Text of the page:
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Emma Raducanu could miss out on working with the world’s best coaches as they “might be afraid to take the shot” given her track record of firing members of her team, admits the tennis star’s agent.
In her young career, Raducanu has cycled through coaches at a remarkable rate, with five having come and gone in the last two years alone – Nigel Sears, Andrew Richardson, Torben Beltz, Dmitry Tursunov and Sebastian Sachs.
Some top tennis players will remain with one coach for the majority of their career but Raducanu’s agent Max Eisenbud – who is senior vice-president at IMG –says the 20-year-old and her father Ian have no plans to change her hire-and-fire approach, even if it means missing out on the top talent.
“Her dad and Emma control all the coaching stuff,” Eisenbud said during an interview with the Tennis Podcast. “That’s been their philosophy all the way up through the juniors – that they never had coaches a long time – so for them that’s calm waters: having a coach for four to five months and then going on to someone else.
“That’s not traditional. I think people have a hard time understanding how you can get to the fourth round of Wimbledon [in 2021] and then you don’t keep working with Nigel Sears, who is a great coach and a great guy. People when she stopped working with Nigel were killing her – and then she won the US Open.
“It doesn’t look great for the people who want everything to be wrapped up in a perfect bow. But for the family, it’s just the way they’ve always done it. People just need to get over the fact that that’s what she’s gonna do. It’s probably gonna be like that for the rest of her career, because that’s what’s comfortable for them.
“I would think there are probably coaches who might be afraid to take the shot because they’ve seen a track record.”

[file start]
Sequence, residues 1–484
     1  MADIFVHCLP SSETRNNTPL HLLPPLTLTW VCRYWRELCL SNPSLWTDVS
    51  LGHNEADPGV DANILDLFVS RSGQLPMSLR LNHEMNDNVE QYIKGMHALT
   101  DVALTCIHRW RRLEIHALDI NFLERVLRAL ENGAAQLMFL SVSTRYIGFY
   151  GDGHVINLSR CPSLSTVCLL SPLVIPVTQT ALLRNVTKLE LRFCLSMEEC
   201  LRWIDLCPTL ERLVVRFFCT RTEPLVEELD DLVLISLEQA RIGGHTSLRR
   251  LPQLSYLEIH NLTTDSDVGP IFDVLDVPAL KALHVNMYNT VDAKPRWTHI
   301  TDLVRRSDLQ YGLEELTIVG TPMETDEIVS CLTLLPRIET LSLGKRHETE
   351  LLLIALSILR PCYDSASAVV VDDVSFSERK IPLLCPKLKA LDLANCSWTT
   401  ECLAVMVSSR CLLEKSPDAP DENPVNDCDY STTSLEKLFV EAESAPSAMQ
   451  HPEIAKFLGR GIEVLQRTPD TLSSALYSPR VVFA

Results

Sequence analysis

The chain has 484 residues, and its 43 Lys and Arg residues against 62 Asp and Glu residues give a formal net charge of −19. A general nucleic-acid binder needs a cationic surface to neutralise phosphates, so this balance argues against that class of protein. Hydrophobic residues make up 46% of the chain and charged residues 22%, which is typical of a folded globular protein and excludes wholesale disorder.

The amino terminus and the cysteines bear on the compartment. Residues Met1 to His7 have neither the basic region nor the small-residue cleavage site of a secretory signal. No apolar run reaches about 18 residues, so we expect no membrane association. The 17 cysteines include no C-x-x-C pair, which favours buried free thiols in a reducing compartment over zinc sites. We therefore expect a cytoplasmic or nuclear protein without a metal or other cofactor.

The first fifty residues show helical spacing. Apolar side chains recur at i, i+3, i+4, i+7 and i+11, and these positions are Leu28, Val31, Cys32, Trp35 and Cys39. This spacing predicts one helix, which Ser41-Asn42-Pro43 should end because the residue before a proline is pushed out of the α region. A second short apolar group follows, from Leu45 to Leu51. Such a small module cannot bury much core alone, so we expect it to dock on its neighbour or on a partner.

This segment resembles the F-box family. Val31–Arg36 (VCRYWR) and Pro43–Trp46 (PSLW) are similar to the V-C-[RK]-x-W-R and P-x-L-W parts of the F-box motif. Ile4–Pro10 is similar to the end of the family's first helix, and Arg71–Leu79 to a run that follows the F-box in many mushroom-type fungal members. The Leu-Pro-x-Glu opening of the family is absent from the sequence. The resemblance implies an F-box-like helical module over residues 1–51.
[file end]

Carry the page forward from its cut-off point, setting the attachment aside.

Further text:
Emma Raducanu stunningly won the 2021 US Open
Raducanu burst on to the scene when she spectacularly won the US Open as an 18-year-old back in 2021, becoming the first British woman to claim a singles grand slam since Virginia Wade in 1977.
However, injuries have severely hampered her in the years since and she hasn’t played since May as she recovers from surgery on both wrists and one ankle.
The enforced break has seen her drop out of the world’s top 100 but Eisenbud is adamant that she will return stronger than ever and go on to lift more grand slam titles.
“If you look from [Maria] Sharapova, most of the teenagers that won, it took them two years to win again,” explained Eisenbud. “She skipped many steps and many experiences. I’m not surprised by any of the up-and-down tennis.
“I wouldn’t bet against her. She’s going to figure this all out. She’s young. You don’t just accidentally win the US Open the way she did. You have to be great to do what she did.
“Do I think that she will be in the top five in the world for 20 years? I don’t think so, I don’t think she is that. But I think she will win more grand slams, and she will compete to be at the top when things settle down.”